This is a pointalism I started my senior year of high school and worked on into college. I photocopied faces from magazines and used tracing paper to draw in the major shadow changes, then traced it onto the big paper and started inking it in, one dot at a time. But Regis, our big kitty at the time, stuck his wet nose on part of it - hence the smudge. After that there was really no point in finishing it, so it sits in my attic.

A little clay dish I did at Charlie's studio. This started out to be a bowl, but when clay gets fired it shrinks!

This started out to be a vase, but again - clay shrinks! Word to the wise.

D&D miniatures I painted through the years. I do not do the shadowing style where you paint the shadows on the mini. I paint and then put a gloss coat on for protection. Sorry the pictures are so small. I think I did very well with mini's. I was able to get detail in like eyelashes and things. The ones with names were actually played in games.

Werewolf and victim, vampire, halfling thief.

Assassin, wizard, pirate, Evelyn (thief), Rhys (witch - she was played twice and drowned both times!); second row sorceress, sorceress, sorceress, sorceress, Jia (psionic), wizard, wizard.

Large square: paladin, barbarian; top: ranger, thief, dwarf thief, heavily-laden adventurer; second row fighter, fighter, paladin, fighter, Rhinn (ranger), Gavynn (amazon warrior); bottom row: druid, druid, druid, shaman, druid, druid, monk, cleric.

Top: fighter, cavalier, fighter, repeats of above; second row: druid, Katuk (arctic druid), repeats of above.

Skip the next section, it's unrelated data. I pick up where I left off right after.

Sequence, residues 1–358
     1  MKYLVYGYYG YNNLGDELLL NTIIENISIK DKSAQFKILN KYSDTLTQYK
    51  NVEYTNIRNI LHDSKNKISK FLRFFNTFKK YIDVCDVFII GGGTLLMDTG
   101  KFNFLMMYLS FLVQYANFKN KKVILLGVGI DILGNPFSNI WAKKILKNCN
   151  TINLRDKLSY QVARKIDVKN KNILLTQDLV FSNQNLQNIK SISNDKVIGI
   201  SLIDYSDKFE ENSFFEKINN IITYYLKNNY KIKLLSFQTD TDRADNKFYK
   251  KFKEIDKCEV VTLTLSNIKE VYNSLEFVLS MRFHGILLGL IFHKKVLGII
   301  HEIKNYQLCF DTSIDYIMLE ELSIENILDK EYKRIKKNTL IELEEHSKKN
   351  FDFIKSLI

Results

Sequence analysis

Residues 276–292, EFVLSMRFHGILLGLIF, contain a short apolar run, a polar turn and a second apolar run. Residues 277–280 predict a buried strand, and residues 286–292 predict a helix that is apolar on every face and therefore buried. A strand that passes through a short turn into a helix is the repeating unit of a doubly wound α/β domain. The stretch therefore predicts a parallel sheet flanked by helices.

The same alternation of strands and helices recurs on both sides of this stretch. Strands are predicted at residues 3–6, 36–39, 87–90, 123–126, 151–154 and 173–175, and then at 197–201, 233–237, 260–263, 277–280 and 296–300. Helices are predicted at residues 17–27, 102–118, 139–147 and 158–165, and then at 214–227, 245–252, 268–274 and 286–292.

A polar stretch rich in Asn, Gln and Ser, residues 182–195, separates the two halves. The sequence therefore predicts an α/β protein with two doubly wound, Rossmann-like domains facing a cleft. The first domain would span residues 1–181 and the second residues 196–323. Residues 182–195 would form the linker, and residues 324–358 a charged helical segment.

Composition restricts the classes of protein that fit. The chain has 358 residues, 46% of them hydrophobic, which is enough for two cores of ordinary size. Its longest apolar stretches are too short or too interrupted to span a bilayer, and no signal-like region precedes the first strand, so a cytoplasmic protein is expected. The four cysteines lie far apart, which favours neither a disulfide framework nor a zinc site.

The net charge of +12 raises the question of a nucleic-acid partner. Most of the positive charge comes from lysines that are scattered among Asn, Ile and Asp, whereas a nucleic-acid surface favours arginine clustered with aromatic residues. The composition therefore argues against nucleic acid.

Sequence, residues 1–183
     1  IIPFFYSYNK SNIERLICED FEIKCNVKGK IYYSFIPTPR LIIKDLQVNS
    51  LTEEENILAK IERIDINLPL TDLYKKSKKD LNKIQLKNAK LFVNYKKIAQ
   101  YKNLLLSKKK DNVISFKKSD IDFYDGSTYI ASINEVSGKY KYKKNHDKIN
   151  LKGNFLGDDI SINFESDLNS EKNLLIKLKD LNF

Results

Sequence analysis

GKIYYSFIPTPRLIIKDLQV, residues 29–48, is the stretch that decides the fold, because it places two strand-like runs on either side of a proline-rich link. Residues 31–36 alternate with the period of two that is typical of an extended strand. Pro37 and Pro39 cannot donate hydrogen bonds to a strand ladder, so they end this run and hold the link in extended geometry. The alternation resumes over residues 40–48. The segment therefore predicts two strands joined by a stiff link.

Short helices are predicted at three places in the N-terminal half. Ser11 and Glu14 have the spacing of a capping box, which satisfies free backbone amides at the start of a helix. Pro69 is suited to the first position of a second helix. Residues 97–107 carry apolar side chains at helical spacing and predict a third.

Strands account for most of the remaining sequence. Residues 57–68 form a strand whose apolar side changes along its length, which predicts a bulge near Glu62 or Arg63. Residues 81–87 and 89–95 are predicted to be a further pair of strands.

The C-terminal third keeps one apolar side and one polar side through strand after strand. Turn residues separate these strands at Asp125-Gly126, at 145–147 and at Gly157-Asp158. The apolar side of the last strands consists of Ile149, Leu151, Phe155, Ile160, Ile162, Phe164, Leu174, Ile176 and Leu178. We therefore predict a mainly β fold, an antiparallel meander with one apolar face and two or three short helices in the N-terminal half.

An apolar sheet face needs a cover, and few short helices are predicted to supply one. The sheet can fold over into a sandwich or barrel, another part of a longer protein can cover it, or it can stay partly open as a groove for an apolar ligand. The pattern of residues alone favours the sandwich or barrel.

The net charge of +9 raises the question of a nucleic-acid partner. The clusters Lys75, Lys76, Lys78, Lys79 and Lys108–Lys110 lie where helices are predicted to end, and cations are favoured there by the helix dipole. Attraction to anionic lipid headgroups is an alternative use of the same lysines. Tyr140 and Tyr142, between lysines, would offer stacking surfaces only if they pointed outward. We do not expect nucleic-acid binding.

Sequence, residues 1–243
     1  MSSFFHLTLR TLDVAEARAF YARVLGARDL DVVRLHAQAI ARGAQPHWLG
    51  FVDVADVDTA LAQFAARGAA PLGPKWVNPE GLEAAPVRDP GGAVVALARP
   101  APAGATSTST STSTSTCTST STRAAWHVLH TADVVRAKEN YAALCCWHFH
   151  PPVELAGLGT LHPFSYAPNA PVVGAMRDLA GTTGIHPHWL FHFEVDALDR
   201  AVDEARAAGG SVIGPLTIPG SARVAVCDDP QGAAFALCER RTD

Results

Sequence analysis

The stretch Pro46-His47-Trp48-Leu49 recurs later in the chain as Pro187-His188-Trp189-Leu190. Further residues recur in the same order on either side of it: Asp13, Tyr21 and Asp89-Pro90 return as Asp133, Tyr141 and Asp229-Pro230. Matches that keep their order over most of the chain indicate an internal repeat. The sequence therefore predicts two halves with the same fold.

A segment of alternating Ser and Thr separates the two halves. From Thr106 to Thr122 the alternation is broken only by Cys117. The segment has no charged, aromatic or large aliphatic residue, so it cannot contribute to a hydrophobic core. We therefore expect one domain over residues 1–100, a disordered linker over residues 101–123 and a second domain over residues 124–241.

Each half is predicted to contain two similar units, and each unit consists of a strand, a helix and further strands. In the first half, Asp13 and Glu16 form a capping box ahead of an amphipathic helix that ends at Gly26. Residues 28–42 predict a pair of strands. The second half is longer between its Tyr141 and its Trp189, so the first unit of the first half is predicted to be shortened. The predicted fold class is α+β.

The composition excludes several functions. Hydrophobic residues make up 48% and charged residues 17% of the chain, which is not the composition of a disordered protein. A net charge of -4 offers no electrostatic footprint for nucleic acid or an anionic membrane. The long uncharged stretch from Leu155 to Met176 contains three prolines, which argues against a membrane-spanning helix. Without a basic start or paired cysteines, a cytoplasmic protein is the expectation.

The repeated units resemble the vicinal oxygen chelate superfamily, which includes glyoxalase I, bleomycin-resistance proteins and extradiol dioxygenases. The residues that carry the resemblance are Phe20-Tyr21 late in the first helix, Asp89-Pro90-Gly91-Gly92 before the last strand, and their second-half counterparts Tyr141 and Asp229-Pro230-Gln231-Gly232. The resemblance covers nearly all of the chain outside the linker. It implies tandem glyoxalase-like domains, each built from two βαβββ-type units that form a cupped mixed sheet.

The first piece I ever painted, a pegasus. NPC's; second row: fighter, ranger, ranger, cleric, Audrianna (cleric), cleric.

Gargoyle, fighter, fighter; second row: sorceress, Ghaliya (sorceress and sister to Ghislaine the paladin, whose piece was stolen.)

Dancing girls and gypsies; second: fighter, Rick (ranger), ranger, Chumani (weretigress farmer fighter), amazon; second row: cleric, unpainted.

Angel of Mercy, queen and king, zombie, evil clerc; second row: Dottie (thief), pirate, thief, bard, Lucie (bard); bottom: twins Chelle and I played once (can't remember their names).

A fountain I made at a glass studio. The base was purchased and waterproofed inside and given a gloss coat outside. Then in class we cut the copper piping, drilled holes in the glass, twisted copper wire, and cut and sanded the edges of the glass we wanted to use. The glass was put in a kiln on a form to get the wave and then we attached everything together. I'm going to get an outdoor pump for this and put it on the back porch after I paint it this spring.

Glass candle holders made at the same place. I took this with Chelle and Edith. This one did not crack.

This one did crack but through clever angling you don't notice it. :) These were also glass pieces chosen by us, cut, sanded, and put in a kiln later to slump over a form. Chelle has hers in her bathroom and Edith has used hers as a vase for fresh flowers. It gives the flowers a really full, dramatic look.

Rag rug I started on my loom. This is a detail.

Picture of the entire rug. It's too skinny to be a rug at this point, but someday I hope to add a piece to each side.